Eolian Landforms and Bedforms in Gale Crater
There are multiple scales of eolian landforms and bedforms in Gale Crater (Figure 1). The largest scale is the erg (a large area covered in eolian sand) that extends along the sides and south end of Mount Sharp in Gale Crater (link to figure of whole crater annotated with eolian bed/landforms). The next smaller scale of bedforms is draas (Figure 2), which are undulations in the erg that have a length scale of hundreds of meters to kilometers. Two can be seen in the large sandy area west of Mount Sharp. The draas are composed of dunes, which range from 3 m to 600 m in wavelength. The dunes have several different morphologies. On Mars, megaripples with 0.8 to 3 m wavelengths are common on many dunes. Impact ripples with wavelength of centimeters to about 20 cm (Lapotre et al., 2018) are very common. These impact ripples are similar to the ones that migrate on dune slopes on Earth.
Figure 1: Satellite image of Gale Crater, which is ~150 km in diameter. The black areas consist of sand that has been actively transported by wind in modern times. The area covered by sand is large enough to be considered an erg. Bedforms visible at this scale include draas and individual dunes.
Figure 2: A higher resolution image of the area labeled "Draas" in Figure 1 with dunes and the draa crest regions labeled. Taken with the HiRISE camera. A full resolution version is available as are other forms of the image. Image credit: NASA/JPL/University of Arizona/Sumner
Martian Megaripples - A New Beform Type
Some martian sand dunes have bedforms that are not observed on Earth. Specifically, the megaripples, roughly 3 meters apart, are not seen on Earth nor have they been previously recognized as a distinct type of bedform on Mars. Wind grain transport on Earth produces decimeter-wavelength ripples and hundred-meter– to kilometer-wavelength dunes. Similar bedforms also form from wind on Mars. However, a third stable bedform with meter-scale wavelengths is stable on Mars. These bedforms typically have sinuous crestlines (unlike smaller ripples and larger dunes) as well as asymmetric profiles with lee slopes that are sometimes slip faces at the angle of repose. There is a gap in size between the small wind ripples, the new megaripples, and the dunes (Lapotre et al., 2018). These gaps in size suggest that the formation of the megaripples is controlled by different wind-grain interactions than either the small ripples or the dunes. The specific interactions that form them are controversial. To some, these new bedforms resemble fluid-drag ripples, which form in water on Earth when the laminar sublayer at the base of the flow is very thick due to a low flow speed (Lapotre et al., 2018). Lapotre, et al. (2016) speculate that the low atmospheric pressure of Mars creates the equivalent of a very thick laminar sublayer. However, this model has not yet been generally accepted by the sedimentology community.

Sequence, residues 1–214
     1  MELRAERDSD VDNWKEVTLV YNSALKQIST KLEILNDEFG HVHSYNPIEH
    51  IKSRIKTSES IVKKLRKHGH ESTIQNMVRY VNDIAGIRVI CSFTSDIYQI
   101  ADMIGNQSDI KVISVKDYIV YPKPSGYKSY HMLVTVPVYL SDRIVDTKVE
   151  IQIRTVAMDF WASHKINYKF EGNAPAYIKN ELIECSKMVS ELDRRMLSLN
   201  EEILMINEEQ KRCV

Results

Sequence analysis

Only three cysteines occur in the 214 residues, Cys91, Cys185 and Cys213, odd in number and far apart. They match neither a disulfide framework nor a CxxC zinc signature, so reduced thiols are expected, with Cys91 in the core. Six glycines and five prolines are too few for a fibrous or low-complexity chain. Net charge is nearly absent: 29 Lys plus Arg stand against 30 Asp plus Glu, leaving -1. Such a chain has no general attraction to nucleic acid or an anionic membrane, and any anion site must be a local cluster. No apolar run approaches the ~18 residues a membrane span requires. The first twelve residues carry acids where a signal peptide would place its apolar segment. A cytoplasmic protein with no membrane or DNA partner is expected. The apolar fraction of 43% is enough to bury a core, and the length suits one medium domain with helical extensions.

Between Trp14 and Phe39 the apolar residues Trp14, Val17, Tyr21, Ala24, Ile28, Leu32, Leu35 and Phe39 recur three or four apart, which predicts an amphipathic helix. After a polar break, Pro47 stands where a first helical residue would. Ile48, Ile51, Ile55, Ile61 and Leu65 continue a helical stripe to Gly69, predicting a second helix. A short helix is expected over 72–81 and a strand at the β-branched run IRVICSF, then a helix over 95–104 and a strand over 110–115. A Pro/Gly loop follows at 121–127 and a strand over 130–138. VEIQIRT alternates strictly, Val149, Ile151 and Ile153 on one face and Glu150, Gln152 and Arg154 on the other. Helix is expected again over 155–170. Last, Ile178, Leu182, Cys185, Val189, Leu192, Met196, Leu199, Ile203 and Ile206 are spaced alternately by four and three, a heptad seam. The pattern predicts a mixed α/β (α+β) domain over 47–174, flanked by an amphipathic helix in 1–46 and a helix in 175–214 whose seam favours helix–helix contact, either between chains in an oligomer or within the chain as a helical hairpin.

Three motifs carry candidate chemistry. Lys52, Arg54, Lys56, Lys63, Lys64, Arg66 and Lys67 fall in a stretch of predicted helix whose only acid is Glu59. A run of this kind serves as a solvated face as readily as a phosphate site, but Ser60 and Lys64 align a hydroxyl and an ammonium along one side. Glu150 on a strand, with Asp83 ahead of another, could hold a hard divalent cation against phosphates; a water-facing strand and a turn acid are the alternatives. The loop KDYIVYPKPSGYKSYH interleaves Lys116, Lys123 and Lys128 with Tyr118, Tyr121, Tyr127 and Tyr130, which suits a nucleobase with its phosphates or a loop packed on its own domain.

Figure 3: Figure 1 from Lapotre, et al. (2016). A) Dunes and ripples at Oceano Dunes, CA, lack the megaripples seen on some dunes on Mars. B) Satellite image of Namib dune showing the locations of figures. Taken by the HiRISE camera. C) Part of the image shown in Figure 1. D) Image showing the megaripples (called large ripples in the figure) and small ripples on the side of Namib dune. E) and F) The sand forming the megaripples.
Figure 4: Megaripples on the back of Namib dune taken during Phase 1 of the Bagnold dunes investigation with a scale bar. Image credit: NASA/JPL-Caltech/MSSS